The New Screen Savers 120: Echo, Echo, Echo…

Leo Laporte and Roberto Baldwin try out the new Multi-Room Music feature on the Amazon Echo. We’ll set up several Echos in the studio to set it up and find out how it works. Anker has a new sister brand for smart-home devices called Eufy. One of their latest products is a tiny smart speaker called the Genie. We’ll see how to compares to the Echo Dot. Megan Morrone continues her #DigitalCleanse. This week is number four: Cleaning up your cloud storage. We’re going to revive an old Mac Pro (mid-2010) for our ‘Call for Help,’ and install NVIDIA’s flagship gaming GPU the GeForce GTX 1080 Ti. We’ll take a first look at Tovala’s meal kit service that cooks itself in a smart oven that can steam, bake, and broil. Jason Howell shows us some AR apps on the Asus Zenfone AR. In the ‘Mail Bag,’ we answer questions about what to do with vintage computers and tracking apps for Android.

– Apple to unveil the next iPhone September 12th at the new Apple campus.
– Juicero shuts down and won’t sell juice packs.
– In an email snafu, Essential shared driver’s licenses numbers of some customers.
– Roberto was at the Hyperloop Pod Competition where the winning pod hit over 200MPH.

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Dropbox for Business launches, offering single sign-on

Cloud-storage provider Dropbox announced today the introduction of Dropbox for Business, a team-oriented version of the service with a particularly IT-friendly feature: single sign-on (SSO).

Dropbox, of course, allows users to archive, share, and access files across multiple devices: desktops, laptops, smartphones, tablets, and so on. Over the years it has grown synonymous with online file storage, arguably beating out every other service for mind-share, if not actual number of users.

The new Dropbox for Business is actually a rebranded Dropbox for Teams, which launched in 2011. Pricing continues to start at $795 annually for up to five users, though you now get “as much storage as you need” rather than a fixed amount.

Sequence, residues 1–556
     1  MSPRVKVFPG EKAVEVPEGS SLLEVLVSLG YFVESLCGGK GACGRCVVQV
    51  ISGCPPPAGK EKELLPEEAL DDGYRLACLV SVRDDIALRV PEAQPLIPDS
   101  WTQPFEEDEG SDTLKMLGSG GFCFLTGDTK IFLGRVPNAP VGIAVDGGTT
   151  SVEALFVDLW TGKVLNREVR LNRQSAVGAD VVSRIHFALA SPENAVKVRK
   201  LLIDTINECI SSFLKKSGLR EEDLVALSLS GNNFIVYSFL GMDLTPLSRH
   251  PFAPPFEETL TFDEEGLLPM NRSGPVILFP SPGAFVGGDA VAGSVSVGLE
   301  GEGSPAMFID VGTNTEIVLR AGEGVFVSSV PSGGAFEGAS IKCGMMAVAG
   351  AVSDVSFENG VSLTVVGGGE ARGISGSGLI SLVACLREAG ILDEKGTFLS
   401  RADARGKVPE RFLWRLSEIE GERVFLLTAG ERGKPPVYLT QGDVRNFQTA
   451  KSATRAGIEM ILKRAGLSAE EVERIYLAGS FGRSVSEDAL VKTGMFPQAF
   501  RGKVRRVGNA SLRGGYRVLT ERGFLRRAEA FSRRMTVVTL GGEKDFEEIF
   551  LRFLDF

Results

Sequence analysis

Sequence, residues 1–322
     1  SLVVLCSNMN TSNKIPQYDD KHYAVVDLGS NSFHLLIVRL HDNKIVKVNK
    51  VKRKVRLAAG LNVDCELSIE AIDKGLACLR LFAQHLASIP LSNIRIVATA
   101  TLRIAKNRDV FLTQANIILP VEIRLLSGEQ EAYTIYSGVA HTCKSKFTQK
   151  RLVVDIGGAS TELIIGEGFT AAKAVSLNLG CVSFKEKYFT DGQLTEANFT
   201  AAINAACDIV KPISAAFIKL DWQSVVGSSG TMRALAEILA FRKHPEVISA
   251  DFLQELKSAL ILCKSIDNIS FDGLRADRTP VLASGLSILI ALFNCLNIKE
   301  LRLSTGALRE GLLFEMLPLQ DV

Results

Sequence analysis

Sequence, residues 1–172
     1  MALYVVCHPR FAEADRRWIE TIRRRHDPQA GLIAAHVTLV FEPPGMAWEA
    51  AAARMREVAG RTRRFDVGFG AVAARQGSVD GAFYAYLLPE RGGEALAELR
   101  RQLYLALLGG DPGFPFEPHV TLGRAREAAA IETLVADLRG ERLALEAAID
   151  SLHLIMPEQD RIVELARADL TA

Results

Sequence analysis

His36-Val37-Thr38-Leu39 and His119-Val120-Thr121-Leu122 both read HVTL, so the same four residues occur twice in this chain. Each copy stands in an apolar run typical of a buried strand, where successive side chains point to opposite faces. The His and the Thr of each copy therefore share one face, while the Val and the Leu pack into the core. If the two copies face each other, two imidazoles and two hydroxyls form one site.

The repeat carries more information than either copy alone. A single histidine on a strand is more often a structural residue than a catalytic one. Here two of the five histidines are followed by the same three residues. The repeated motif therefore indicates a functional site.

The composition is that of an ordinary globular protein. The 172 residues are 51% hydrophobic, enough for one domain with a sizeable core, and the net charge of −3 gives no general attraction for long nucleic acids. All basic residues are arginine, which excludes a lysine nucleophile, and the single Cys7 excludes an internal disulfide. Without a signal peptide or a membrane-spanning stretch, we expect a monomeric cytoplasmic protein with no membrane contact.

Back in February, the company unveiled a new admin console and sharing controls for the service. But the marquee feature accompanying the new launch is SSO, which, as described by Dropbox’s Anand Subramani, “works behind the scenes to let users sign in just once to a central identity provider, like Active Directory, and securely access all their business apps, like Dropbox. With SSO, companies can put their existing trusted identity provider in charge of the authentication process.”

That also gives IT managers great control over user authentication and management. And for end users, SSO means one less password to deal with and one less step to get connected to their Dropbox accounts. (Once they’re logged into the company network, they’re logged into Dropbox.)

Dropbox has partnered with several sign-on identity providers, including Ping Identity, Okta, OneLogin, and Symplified. The SSO system employs industry-standard Security Assertion Markup Language (SAML), and brings Dropbox in line with competing cloud services such as Box and Google Drive, both of which already offer SSO.

What’s more, the aforementioned admin console brings Dropbox closer to Box with features like user-specific activity monitors, though the latter still offers a few extra perks for the IT crowd and end users alike, including virtual workspaces and Google Apps integration.

According to Subramani, the new feature will roll out to Dropbox for Business customers next month.

via Dropbox for Business launches, offering single sign-on | PCWorld.

Cloud-based backup: Is it right for long-term storage?

Cloud-based backup services, such as Mozy, Carbonite, and IDrive, upload your files to their servers as protection against your losing the originals. This has some big advantages over a local backup. Once set up they’re completely automatic. And it’s extremely unlikely that the same fire or flood will destroy your computer and your backup.

But there are disadvantages, as well. One is that you lose physical control of your backup. Those files could be destroyed because of someone else’s corporate decision.

But that’s not likely to happen–at least if you continue to pay your bill. But it’s a good idea to know a service’s policy.

Both Mozy and Carbonite will keep a file as long as it’s on your drive (or at least the part of your drive that you’re backing up), and for an additional 30 days after it disappears. That seems fair to me. If a file disappeared from your drive a month ago, and you haven’t restored it, chances are you don’t want it anymore.

IDrive, on the other hand, provides ways to control what will and will not be deleted from the server. You can keep files on their server that you’re no longer keeping on your hard drive, in what an IDrive representative described to me as “an archival solution.”

But I wouldn’t recommend that. If you want to keep a file indefinitely, keep it in more than one place. And at least one of those places should be your hard drive or some other local storage.

And then backup that local storage–possibly to the cloud.

via Cloud-based backup: Is it right for long-term storage? | PCWorld.